Brown Vegan also suggests writing down your “Why?” Why are you going vegan? Think about what that transformation is going to look like for you.

Know that you can accomplish your fitness and nutrition goals while on a plant-based diet. You just need to know your goals and plan accordingly.

  1. Eat “real” food

You might make the common mistake of thinking: “it’s vegan so it’s healthy.” Just because it’s “vegan” doesn’t mean it’s healthy. When you switch to eating mostly plant foods, you’re going to feel the urge to try junk foods that are created to mimic the meat products that you’ve eliminated (and that you probably really miss), and other tasty snacks.

But these “creations” can have sugars, salt, fillers and other potentially harmful and/or fattening ingredients in them, which are added in order to make them palatable.

Try your best to stick to real whole foods, not packaged foods, as close to nature as possible. There are many ways to create foods like burgers at home using beans, sweet potatoes, corn, and herbs and spices.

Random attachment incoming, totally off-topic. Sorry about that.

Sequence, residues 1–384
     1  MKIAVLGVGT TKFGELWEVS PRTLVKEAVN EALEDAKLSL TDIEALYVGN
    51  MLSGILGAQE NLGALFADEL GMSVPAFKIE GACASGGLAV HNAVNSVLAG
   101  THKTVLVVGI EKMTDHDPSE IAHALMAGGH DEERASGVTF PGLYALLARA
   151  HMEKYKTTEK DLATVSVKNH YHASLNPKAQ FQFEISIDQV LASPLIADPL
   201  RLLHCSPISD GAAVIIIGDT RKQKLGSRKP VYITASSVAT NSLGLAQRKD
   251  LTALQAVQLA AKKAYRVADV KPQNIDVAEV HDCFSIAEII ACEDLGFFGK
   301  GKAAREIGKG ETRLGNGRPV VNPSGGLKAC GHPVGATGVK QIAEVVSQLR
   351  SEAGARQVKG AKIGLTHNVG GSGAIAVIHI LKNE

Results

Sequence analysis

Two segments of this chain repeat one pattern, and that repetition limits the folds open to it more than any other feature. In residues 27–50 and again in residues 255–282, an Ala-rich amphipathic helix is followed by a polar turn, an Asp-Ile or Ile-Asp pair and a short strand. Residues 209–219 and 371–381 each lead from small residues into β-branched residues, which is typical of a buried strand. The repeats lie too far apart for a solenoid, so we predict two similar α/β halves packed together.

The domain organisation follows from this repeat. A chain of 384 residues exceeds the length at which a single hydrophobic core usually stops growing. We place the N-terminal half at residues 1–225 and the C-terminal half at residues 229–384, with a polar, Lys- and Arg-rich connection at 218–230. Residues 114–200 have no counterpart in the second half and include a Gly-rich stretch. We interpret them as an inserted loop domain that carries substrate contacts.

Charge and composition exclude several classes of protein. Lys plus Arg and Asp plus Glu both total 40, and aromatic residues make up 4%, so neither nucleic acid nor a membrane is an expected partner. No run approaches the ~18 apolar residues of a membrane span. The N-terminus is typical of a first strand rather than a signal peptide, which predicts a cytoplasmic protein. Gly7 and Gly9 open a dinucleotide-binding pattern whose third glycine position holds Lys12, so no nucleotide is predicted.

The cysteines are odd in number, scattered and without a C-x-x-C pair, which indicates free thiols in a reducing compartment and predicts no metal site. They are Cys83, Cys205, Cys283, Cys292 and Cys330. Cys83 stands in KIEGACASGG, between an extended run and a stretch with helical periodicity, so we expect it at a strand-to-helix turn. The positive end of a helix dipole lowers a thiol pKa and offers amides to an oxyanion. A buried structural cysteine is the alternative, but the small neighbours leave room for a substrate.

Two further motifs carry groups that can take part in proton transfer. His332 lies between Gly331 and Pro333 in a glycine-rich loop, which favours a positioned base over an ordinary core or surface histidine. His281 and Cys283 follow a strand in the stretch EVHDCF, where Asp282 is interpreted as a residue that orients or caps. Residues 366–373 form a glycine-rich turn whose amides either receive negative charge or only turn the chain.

And who are we kidding? Donuts, cookies, and ice cream are still donuts, cookies, and ice cream. Whether vegan or not, should still be eaten in moderation.

  1. Learn HOW to eat

Take the time to learn how to actually eat. Often times, switching to a plant-based diet will result in a severe lack of daily caloric intake. You will simply take out the meat or dairy, but don’t understand what to replace it with or how to replace it.

Understanding your macronutrients is important whether you’re vegan or not for a balanced diet. Food generally falls along the spectrum of Protein, Carb, or Fat. Knowing what your body needs and how much of each you’re getting into your diet will help you avoid weight gain or unhealthy weight loss from lack of proper nutrition.

Where do you get your protein?

It’s not that you can’t get enough protein on a plant-based diet, it’s that you need to eat enough of the right things in order to get the appropriate amount.

Although we usually think of meat when we think about protein, plants have plenty of protein and contain more than enough if you eat the right amounts.

Peas, spinach, and asparagus are just a few high-protein veggies, but plenty of veggies, including beans, have respectable amounts of protein.